Amazon reportedly is ready to turn its Amazon Go cashierless convenience concept into a chain, Recode has reported, citing multiple people familiar with the matter.
Amazon Go, which opened to the public earlier this month in the ecommerce giant’s hometown of Seattle, will get several stores in the same city and also in Los Angeles, the news outlet said. The Emerald City could get at least three locations, while the latter may get one in The Grove, a 600,000-square-foot outdoor shopping area created by billionaire developer Rick Caruso, who has been in “serious talks” with Amazon about opening a store there.
The “just walk out” technology that makes Amazon Go’s store cashier-free uses the same technology as self-driving cars, employing computer vision, sensor fusion and deep learning to automatically detect when products are removed from, or placed back on, shelves. Patrons download and check in via a mobile app, take what they want and walk out the door, where they are charged for the products they take with them. There are no lines or barcodes to be scanned in the process.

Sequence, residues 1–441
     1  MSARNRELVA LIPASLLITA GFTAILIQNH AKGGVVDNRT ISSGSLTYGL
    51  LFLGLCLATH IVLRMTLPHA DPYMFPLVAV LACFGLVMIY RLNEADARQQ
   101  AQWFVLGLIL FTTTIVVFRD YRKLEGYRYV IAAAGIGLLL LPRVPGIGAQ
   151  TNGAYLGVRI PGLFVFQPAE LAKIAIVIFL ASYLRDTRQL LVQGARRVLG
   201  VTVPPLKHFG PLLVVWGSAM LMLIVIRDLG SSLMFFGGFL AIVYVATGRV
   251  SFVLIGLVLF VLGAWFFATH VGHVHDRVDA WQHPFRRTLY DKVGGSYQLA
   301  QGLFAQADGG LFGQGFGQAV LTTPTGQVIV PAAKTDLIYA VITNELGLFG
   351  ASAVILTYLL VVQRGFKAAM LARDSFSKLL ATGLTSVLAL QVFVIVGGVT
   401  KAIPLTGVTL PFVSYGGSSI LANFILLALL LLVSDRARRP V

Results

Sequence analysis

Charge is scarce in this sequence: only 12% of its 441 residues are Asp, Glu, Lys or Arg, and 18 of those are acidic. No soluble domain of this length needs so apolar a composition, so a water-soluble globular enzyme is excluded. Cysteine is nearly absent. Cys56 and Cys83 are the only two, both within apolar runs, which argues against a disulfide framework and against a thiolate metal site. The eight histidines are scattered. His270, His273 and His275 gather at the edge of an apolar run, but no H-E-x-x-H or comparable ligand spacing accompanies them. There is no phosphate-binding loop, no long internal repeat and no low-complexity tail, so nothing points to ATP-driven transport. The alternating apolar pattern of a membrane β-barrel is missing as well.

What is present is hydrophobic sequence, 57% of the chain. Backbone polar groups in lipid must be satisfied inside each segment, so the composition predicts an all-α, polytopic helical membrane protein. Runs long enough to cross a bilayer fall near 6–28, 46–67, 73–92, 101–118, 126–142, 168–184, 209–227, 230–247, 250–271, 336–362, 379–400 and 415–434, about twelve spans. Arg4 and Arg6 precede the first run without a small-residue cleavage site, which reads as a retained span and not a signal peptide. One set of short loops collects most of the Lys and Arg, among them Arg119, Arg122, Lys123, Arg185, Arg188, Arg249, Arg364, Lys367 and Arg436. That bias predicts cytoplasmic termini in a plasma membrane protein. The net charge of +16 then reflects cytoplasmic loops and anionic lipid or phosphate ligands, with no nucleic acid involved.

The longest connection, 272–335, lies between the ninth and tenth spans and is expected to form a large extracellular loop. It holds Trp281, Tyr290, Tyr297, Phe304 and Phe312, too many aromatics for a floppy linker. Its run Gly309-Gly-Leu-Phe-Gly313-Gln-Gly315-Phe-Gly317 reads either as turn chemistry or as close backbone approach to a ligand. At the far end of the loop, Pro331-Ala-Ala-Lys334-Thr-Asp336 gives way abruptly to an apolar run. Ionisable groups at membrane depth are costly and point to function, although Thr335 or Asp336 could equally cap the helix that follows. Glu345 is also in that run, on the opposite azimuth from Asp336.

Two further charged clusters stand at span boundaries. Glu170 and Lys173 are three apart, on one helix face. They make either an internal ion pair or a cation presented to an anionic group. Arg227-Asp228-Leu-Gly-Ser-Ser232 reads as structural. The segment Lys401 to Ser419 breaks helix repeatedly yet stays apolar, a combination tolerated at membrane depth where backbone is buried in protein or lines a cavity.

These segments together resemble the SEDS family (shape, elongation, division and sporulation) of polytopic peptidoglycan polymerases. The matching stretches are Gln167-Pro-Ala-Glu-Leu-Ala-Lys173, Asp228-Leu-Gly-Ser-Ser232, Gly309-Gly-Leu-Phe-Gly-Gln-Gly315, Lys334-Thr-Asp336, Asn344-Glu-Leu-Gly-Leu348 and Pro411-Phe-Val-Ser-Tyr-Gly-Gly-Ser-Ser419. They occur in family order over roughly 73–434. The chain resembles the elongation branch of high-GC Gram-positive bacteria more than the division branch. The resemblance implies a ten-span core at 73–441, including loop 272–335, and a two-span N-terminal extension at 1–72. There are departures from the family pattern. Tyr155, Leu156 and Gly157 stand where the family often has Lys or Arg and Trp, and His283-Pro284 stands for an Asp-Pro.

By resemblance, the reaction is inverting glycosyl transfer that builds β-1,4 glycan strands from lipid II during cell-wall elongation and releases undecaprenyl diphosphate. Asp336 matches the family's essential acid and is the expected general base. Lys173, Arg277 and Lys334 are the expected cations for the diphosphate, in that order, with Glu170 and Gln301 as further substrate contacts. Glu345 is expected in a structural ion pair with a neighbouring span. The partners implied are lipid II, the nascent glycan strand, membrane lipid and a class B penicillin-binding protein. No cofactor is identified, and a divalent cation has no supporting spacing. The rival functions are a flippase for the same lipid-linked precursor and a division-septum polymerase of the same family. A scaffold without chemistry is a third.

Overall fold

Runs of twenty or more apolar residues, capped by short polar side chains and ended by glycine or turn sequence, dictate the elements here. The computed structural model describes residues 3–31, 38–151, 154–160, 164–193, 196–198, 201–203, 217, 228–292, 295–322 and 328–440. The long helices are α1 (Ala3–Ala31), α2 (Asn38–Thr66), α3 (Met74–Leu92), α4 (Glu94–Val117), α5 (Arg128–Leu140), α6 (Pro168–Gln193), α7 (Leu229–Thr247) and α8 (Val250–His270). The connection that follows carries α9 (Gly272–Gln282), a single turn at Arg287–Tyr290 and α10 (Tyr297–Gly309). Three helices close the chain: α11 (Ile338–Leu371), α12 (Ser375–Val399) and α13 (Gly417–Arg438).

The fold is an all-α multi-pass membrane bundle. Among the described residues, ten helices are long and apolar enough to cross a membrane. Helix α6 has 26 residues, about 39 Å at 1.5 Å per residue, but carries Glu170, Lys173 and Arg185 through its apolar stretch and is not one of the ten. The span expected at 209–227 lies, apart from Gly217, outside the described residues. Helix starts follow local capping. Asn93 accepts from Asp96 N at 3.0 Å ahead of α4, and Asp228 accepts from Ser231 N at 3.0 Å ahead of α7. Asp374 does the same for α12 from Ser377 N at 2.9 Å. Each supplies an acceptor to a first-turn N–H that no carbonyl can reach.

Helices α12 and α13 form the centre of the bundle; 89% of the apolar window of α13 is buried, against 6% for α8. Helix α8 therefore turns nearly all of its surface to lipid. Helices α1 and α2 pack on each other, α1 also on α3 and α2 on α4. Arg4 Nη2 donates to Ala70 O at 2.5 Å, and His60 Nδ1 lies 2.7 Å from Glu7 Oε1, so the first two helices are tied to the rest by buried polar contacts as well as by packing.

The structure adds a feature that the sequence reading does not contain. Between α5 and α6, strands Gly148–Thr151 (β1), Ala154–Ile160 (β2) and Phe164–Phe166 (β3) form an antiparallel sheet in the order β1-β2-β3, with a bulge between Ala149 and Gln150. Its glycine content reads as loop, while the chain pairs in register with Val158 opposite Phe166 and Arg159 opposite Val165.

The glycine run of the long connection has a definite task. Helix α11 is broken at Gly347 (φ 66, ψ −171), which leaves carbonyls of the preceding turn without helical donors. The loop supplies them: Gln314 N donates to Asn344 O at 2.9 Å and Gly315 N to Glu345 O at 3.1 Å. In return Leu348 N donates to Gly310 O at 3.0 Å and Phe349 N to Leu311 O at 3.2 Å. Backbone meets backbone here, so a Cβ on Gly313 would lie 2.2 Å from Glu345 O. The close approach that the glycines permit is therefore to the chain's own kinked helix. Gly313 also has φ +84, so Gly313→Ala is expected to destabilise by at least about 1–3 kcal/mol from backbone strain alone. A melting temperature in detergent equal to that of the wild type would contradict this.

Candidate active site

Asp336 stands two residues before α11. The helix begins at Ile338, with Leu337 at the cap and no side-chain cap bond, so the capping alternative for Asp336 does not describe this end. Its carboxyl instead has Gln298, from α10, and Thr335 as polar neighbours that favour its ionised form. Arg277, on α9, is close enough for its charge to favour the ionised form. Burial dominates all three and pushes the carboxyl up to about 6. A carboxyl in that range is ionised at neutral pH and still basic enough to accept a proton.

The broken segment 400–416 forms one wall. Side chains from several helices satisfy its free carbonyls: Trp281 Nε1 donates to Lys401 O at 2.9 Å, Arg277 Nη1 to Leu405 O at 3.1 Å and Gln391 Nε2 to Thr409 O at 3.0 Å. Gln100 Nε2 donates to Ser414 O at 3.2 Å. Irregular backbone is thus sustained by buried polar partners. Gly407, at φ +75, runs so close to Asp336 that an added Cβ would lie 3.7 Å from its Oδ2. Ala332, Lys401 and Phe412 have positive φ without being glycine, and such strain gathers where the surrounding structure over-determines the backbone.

The store debuted to employees in December 2016, with plans to open to the public the following March. However, difficulty tracking more than 20 people at a time or items moved from their specific shelf spaces caused a delay, pushing the public debut back to earlier this month.
Automated cashierless small-format stores aren't a new concept in the world – and weren’t even when Amazon unveiled Amazon Go. China-based retail and technology company Alibaba – which often is compared with Amazon, and whose founder and chairman, Jack Ma, is often likened to Amazon CEO and founder Jeff Bezos – operates a similar chain of convenience stores in the East, called BingoBox. While they don't use the same technology as Amazon Go, relying instead on RFID, they operate with the same purpose: Each detects what a person walks out with and charges him or her upon exit.